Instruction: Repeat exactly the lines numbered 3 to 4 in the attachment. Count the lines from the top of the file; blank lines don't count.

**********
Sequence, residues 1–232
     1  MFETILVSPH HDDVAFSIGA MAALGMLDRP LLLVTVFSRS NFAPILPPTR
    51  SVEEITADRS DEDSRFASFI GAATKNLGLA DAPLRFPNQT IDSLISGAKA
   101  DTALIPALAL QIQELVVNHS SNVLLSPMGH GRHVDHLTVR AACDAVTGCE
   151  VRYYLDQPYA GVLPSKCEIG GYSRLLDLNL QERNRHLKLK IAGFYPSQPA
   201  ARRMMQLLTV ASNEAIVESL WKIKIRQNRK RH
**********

    51  SVEEITADRS DEDSRFASFI GAATKNLGLA DAPLRFPNQT IDSLISGAKA
   101  DTALIPALAL QIQELVVNHS SNVLLSPMGH GRHVDHLTVR AACDAVTGCE